The woman cutting into her skirt steak across the table is famously resistant to typecasting, but in real life she fits a familiar category. Ambitious and independent, she had her first child at age 40. She’s fled the “Sex and the Cityfied” West Village for leafy Cobble Hill with her boyfriend, a writer who is spending the winter teaching in Houston. So she’s currently caring for her 1-year-old daughter alone while working a 60-plus-hour week. She reports being “really happy” and “creatively fulfilled,” but allows that “I’m always running, running, running,” and “what I want is to sit for a minute.”
All right, so Lili Taylor is not some movie-star manqué but a MoMA-card-carrying member of Brooklyn’s haute Boboisie. Unlike certain outer-borough peers, however, she rarely plays one in films. And at the moment, the oft-proclaimed “indie queen” is taking on a monstrous part in Eugene O’Neill’s four-and-a-half-hour 1931 epic Mourning Becomes Electra. Christine Mannon, the matriarch of a powerful family, is based on Clytemnestra in Aeschylus’s Oresteia. Which means she kills her husband just after he returns from the Civil War, torments her daughter, and flirts with her son for her own selfish ends. It’s Lady Macbeth, but with fewer boundaries—the kind of role you’d envision for Helen Mirren, who did the part in 2003 in London. And oddly, it’s perfect for Taylor right now.
Like her boyfriend, Nick Flynn, whose memoir, Another Bullshit Night in Suck City, begins when he runs into his drifter father in a homeless shelter, Taylor has experience with families one might consider “queer” (an adjective repeatedly applied to the Mannons in the play). Her father ran a hardware store in a well-off suburb of Chicago, but he was also a poet and a manic depressive. “I think my dad was a narcissist,” she says. “I told him to his face when he was alive. So yeah,” she says with an ebullient laugh, “I’ve drawn on Dad.”
Taylor, something of a psychology geek, has read extensively from psych texts—including the DSM-IV—to prepare for parts. It’s a habit she’s trying to cut down on; she spent the long rehearsal stretch for Mourning doggedly avoiding books, then gave in and picked up Rites and Myths of Seduction, by Aldo Carotenuto—which she eagerly pulls out of her oversize Flight 001 travel bag. “From this book I got ‘consciously evasive movements,’ ” she notes as an example of the “great actable things” she finds. “If she seduces, I want to know more: What’s seduction about? But,” Taylor insists, “I’m not diagnosing her.”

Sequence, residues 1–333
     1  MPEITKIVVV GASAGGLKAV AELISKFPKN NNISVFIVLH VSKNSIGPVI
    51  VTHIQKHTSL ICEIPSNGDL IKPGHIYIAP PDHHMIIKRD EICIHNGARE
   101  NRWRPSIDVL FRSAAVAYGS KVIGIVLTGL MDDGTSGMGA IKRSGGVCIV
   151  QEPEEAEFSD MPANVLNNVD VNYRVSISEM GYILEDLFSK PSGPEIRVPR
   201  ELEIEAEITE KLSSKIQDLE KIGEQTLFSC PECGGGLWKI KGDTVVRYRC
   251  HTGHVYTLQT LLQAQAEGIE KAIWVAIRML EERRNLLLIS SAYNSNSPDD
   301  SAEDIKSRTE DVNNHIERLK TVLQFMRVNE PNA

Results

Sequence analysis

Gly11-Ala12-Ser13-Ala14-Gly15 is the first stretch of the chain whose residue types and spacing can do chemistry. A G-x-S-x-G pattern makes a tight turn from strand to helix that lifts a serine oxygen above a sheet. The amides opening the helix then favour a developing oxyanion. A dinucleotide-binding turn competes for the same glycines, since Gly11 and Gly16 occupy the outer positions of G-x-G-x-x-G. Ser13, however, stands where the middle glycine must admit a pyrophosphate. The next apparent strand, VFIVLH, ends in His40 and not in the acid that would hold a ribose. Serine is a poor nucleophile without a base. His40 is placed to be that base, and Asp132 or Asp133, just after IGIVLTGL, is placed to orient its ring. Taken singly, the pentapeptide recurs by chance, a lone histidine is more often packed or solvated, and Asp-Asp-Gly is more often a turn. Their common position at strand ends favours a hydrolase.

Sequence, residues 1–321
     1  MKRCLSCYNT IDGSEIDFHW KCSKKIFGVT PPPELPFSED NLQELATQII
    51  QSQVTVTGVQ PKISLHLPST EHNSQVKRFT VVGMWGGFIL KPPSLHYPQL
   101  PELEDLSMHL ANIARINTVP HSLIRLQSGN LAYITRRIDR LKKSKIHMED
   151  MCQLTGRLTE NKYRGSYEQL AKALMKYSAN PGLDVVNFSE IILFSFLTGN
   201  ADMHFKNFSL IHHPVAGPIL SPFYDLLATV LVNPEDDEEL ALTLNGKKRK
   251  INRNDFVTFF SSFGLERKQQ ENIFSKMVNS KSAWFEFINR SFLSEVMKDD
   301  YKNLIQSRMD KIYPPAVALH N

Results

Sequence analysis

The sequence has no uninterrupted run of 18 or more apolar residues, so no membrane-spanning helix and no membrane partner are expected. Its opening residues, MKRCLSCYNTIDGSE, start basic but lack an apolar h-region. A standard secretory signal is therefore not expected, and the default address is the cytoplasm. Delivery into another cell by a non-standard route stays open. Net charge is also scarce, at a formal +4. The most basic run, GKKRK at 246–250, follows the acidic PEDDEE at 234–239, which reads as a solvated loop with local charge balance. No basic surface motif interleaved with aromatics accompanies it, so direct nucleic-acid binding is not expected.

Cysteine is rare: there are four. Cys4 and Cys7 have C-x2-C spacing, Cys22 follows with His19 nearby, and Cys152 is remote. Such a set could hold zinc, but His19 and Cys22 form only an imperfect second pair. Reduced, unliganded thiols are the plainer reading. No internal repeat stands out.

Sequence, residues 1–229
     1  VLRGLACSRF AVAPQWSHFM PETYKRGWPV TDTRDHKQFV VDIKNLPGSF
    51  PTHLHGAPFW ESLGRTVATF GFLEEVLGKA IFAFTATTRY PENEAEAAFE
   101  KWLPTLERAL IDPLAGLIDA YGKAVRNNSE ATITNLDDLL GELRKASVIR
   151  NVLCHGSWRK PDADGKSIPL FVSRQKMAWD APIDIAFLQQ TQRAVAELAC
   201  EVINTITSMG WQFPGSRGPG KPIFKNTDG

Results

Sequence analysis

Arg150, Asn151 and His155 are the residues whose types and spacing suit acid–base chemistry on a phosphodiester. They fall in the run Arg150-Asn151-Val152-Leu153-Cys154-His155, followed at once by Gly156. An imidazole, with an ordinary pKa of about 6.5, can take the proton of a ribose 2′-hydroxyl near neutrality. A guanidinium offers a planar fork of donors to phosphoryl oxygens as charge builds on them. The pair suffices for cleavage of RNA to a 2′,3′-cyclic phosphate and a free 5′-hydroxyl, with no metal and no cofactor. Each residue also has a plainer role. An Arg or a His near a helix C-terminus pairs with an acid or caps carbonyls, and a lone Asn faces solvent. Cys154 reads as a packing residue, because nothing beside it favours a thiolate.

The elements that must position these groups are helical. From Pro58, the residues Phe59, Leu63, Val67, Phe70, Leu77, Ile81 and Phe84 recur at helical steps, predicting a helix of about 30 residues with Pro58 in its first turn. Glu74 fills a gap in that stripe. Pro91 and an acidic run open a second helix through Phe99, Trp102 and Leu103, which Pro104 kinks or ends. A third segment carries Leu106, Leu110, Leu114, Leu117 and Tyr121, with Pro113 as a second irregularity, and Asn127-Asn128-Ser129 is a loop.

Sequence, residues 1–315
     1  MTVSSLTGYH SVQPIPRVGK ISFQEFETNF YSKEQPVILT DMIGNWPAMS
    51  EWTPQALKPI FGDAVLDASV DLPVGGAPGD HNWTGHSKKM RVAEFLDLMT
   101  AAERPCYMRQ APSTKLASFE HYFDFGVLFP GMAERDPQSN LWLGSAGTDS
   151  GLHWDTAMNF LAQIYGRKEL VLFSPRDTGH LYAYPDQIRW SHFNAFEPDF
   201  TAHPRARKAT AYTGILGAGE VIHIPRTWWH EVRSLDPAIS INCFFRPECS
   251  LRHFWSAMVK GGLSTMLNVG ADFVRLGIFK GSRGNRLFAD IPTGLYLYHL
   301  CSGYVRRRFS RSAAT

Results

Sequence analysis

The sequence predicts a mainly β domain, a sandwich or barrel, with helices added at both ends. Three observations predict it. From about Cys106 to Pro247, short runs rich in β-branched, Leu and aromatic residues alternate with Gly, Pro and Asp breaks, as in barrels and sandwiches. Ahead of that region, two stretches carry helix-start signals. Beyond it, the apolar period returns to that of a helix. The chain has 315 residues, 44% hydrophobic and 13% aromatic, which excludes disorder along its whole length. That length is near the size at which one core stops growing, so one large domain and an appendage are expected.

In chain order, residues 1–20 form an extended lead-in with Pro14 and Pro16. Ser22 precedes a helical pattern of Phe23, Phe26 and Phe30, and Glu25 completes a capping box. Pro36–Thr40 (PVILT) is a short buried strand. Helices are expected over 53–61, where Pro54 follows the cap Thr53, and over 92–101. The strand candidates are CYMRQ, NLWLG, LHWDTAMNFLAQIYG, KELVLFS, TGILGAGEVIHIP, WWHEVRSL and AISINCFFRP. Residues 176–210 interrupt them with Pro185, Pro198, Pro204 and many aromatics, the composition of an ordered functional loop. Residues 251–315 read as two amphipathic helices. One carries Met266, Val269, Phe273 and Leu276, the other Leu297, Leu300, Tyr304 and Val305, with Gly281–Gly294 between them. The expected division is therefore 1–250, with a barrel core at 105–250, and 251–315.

“She’s an incredibly probing actress. She’s daring and brave, and we work the same way,” says Mourning director Scott Elliott, who is directing Taylor for the third time. “Lili’s a muse for me. And since she’s had a baby, she’s just gotten hotter—so soft and delicious looking.” Elliott pauses. “Not fat!”
Taylor admits to feeling “a little resistant” to the idea of staging screaming death matches with a daughter onstage while coddling her own, Maeve, at home. But her relationship with Jena Malone, the 24-year-old actress playing Lavinia, is warmly maternal. The play’s most striking twist is Lavinia’s transformation from a righteous child in mourning into a captivating sociopath just like Mom. Malone, in her first truly adult role, seems to take the torch from Taylor in more ways than one. The younger actress, something of an indie princess, holds up Taylor as proof that you can “retain your private life and have a family and not live beyond your means, which makes you spoiled in mind and gut.” She calls Taylor “a fucking shining light. Because she exists, I can, too.”
Taylor is a bit more ambivalent about her career. She believes she failed to capitalize on her intense and lauded turn as would-be assassin Valerie Solanas in I Shot Andy Warhol. It was around that time, as she tells it, that indie producers were turning to A-list stars for better studio deals. “I’d like more options, definitely,” Taylor says. “I have aspirations of philosophies I’d like to hold. Like, if there’s just one person in the audience, that’s enough. If someone sees this movie in a thousand years and has a little chord struck, that’s enough.” She chuckles, then stops. “Easier said than done.”